Bear Wallow Loop to the Chile Line

Bear Wallow Loop to the Chile Line features a hike in the Sangre de Cristo mountains near Santa Fe, New Mexico followed by lunch and a beer at the closest brewery – the Chile Line Brewing Company.  The hike is a four-miler with grades up to 20% in places so it was not difficult to work up a thirst.  Chile Line Brewing Company is owned by a high school classmate of my oldest son who I had not seen for may years.  In addition to good beers and a tasty lunch, it was fun to catch up and see how his business was going.

Bear Wallow Loop

Bear Wallow Loop Route
Bear Wallow Loop Route – click on image for interactive route map in AllTrails

What I am calling Bear Wallow Loop is sort of a triangle the uses three popular trails.  I started on the Borrego Trail through a stretch of beautiful forest.  Borrego meets up with the Winsor Trail at a big open meadow and a crossing of Tesuque Creek.  From there, Winsor follows the creek downstream before intersecting with Bear Wallow Trail.  Bear Wallow is a steady climb up a steep-sided canyon to complete the loop.  I guess I could have called the loop something else, but “bear wallow” just sounded cool to me.

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Chile Line Brewery

Denver and Rio Grande Railway
Denver and Rio Grande Railway – the Chile Line is the southernmost spur (Wikimedia image)

The closest brewery after the hike is the Chile Line Brewery in the old center of Santa Fe.  It’s generally expensive real estate in old Santa Fe so most of the breweries are found in newer parts of town.  Chile Line was the common name for a historic narrow gauge rail connection between Santa Fe and Antonito, Colorado.  The 125 mile spur was operated by the Denver and Rio Grande Railway (D&RG) between 1880 and and1941 when it was closed and subsequently dismantled.   I guess the nickname came from the trains carrying lots of chile and chile eaters.  Brewery owner Alexander Pertusini told me he liked the name because he was once a Los Alamos Boy Scout and the history of the Chile Line included carrying boy scouts bound for the Ranch School in Los Alamos.  The current location of the brewery is near where the Chile Line’s servicing facilities were.

The Chile Line Brewery logo features a dalmatian.  If you look closely, you’ll see that the spots on the dalmatian are in the shape of chile peppers.  The dalmatian is a tribute to Xander’s dog Hugo who was a regular fixture in the early days of the business.  At that time, Alexander lived above the brewery in a rooftop apartment and Hugo would spend time sitting on the edge of the roof above observing the action in the beer garden.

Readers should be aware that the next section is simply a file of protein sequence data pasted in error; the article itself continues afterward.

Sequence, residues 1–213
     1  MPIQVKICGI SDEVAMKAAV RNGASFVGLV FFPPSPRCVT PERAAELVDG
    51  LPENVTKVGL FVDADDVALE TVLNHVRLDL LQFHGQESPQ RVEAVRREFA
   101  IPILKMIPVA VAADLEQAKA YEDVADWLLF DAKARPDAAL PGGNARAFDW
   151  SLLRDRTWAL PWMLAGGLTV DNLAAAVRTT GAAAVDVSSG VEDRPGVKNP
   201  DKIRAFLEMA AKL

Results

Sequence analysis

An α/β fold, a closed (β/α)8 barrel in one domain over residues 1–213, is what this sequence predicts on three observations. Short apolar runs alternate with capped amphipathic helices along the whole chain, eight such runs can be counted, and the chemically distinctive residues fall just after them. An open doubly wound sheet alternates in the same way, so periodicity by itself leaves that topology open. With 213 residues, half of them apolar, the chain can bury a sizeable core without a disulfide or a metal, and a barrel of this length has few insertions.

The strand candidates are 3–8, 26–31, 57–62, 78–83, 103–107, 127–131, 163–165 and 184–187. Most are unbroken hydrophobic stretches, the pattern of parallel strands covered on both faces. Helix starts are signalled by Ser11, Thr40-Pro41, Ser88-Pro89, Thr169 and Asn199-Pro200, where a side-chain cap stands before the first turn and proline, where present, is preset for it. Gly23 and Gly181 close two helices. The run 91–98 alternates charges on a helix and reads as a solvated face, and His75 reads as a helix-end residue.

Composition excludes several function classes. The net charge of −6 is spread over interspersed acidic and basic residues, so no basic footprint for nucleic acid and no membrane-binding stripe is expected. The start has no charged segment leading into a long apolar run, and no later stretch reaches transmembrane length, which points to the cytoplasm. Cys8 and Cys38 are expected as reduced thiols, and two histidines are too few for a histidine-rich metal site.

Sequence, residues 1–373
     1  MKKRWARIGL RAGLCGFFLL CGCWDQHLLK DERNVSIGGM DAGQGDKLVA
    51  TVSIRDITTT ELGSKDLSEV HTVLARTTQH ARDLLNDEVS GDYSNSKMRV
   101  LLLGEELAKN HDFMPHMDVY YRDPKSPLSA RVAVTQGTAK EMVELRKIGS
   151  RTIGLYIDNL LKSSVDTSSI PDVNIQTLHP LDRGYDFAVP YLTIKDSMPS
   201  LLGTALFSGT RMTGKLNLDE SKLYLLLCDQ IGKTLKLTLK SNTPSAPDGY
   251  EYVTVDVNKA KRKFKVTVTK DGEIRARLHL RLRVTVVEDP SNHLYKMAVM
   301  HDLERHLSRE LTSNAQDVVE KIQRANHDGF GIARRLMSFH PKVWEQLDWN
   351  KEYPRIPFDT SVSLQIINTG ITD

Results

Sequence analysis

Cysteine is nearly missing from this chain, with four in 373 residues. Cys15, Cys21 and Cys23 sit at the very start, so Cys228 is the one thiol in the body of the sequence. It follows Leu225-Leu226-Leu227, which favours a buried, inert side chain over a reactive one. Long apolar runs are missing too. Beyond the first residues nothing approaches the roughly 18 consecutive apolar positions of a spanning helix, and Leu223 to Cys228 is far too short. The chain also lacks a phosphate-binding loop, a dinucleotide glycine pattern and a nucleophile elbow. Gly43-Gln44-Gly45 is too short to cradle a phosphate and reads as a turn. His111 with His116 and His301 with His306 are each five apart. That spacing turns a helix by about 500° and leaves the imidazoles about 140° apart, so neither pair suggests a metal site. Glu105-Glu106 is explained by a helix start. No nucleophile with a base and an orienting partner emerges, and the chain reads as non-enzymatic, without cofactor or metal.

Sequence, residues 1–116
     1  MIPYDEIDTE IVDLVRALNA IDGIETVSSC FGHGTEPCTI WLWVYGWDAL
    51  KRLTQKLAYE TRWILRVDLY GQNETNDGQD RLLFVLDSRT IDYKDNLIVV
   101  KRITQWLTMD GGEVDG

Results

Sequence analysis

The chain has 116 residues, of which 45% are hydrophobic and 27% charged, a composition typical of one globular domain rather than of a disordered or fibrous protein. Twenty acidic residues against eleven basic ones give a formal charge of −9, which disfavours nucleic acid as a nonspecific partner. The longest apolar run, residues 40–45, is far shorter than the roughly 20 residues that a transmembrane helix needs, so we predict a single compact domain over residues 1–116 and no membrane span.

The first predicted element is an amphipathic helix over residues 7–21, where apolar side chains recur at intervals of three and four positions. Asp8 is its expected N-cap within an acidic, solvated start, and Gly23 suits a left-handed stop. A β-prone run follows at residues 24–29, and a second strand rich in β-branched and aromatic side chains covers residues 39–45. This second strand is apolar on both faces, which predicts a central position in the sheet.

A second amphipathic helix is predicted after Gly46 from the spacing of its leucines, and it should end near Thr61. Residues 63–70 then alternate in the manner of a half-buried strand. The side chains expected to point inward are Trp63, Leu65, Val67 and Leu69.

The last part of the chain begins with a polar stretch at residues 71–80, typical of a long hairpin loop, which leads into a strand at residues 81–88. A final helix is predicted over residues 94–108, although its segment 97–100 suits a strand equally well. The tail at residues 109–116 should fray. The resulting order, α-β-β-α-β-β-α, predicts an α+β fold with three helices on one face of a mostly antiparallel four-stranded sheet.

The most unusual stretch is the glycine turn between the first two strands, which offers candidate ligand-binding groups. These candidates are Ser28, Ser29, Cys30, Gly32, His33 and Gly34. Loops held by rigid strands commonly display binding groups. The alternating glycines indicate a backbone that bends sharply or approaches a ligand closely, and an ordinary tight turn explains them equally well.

Hugo on patrol
Hugo on patrol

Xander told me he got into brewing in college while studying in a biofuel and algae program.  He found he liked yeast a lot more than algae and that came together naturally with his experience working in his family’s Santa Fe restaurants since he was a kid.  Xander’s father is an Italian immigrant and there is still a lot of family in the Lake Como region.  During a trip there a few years ago, a relative gave him their car keys and encouraged him to take a road trip to Bamberg, Germany – one of the great beer meccas of the world.  He made the seven-hour drive, experienced Bamberg’s smoked beers, and found his way to the Weyermann Malt plant and its interesting array of specialty malts.  Xander came home a devotee to smoked beers – I saw the slogan “America’s Smoked Beer Brewery” on some of the servers’ T-shirts.  (Read stories about visits to Weyermann and Bamberg,)

Xander told me that he has had to tone that down a bit over time though as popular tastes haven’t discovered or opened up to the idea of smoked beers quite yet.  The average person walking in is usually bought into the idea that craft beers are supposed to be hoppy so the focus on smoked malts is not an easy sell.  I sampled a very nice smoked helles (I think called Helles Belles) that I would drink again for sure.  The helles uses 12% smoked malt in the grain bill.  Xander said that although he is making fewer smoked beers than at one time, he is keeping the dream that tastes will expand and he puts at least a token bit of smoked malt into everything that he brews.

Chile Line features seven mainstay beers and there were several specials on tap when I was there.  That seems like a lot for the one-barrel system and Xander agreed that they can get stretched at times.  He uses Kveik yeast in quite a few recipes and that has allowed for higher temperature and faster fermenting and he said it helps produce nice clarity.  Green Chile and Red Chile beers with a bit of smokiness have provided a distinctive New Mexico hook that Xander said have proven to be popular.

A saving grace during the Covid year was the arrival of an expensive canning machine early during the shutdown.  There were worries about how to pay for it, but fortunately, a Small Business Administration pandemic grant came in that allowed paying off the machine.  They ended up selling thousands of cans of beer for carry-out that went nicely with the carry-out pizza menu.  These things contributed in a big way to keeping biz afloat.

For more stories about hikes and beers in New Mexico, CLICK THIS LINK.

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One thought on “Bear Wallow Loop to the Chile Line”

  1. Looks like a nice little loop and cool to hear about how the brewer starting doing smoke beer. Tell him no to feel too bad as it’s a hard sell in Munich too. Would like to return one day. We really enjoyed our time in NM. Glad to see you out and exploring more of your area.

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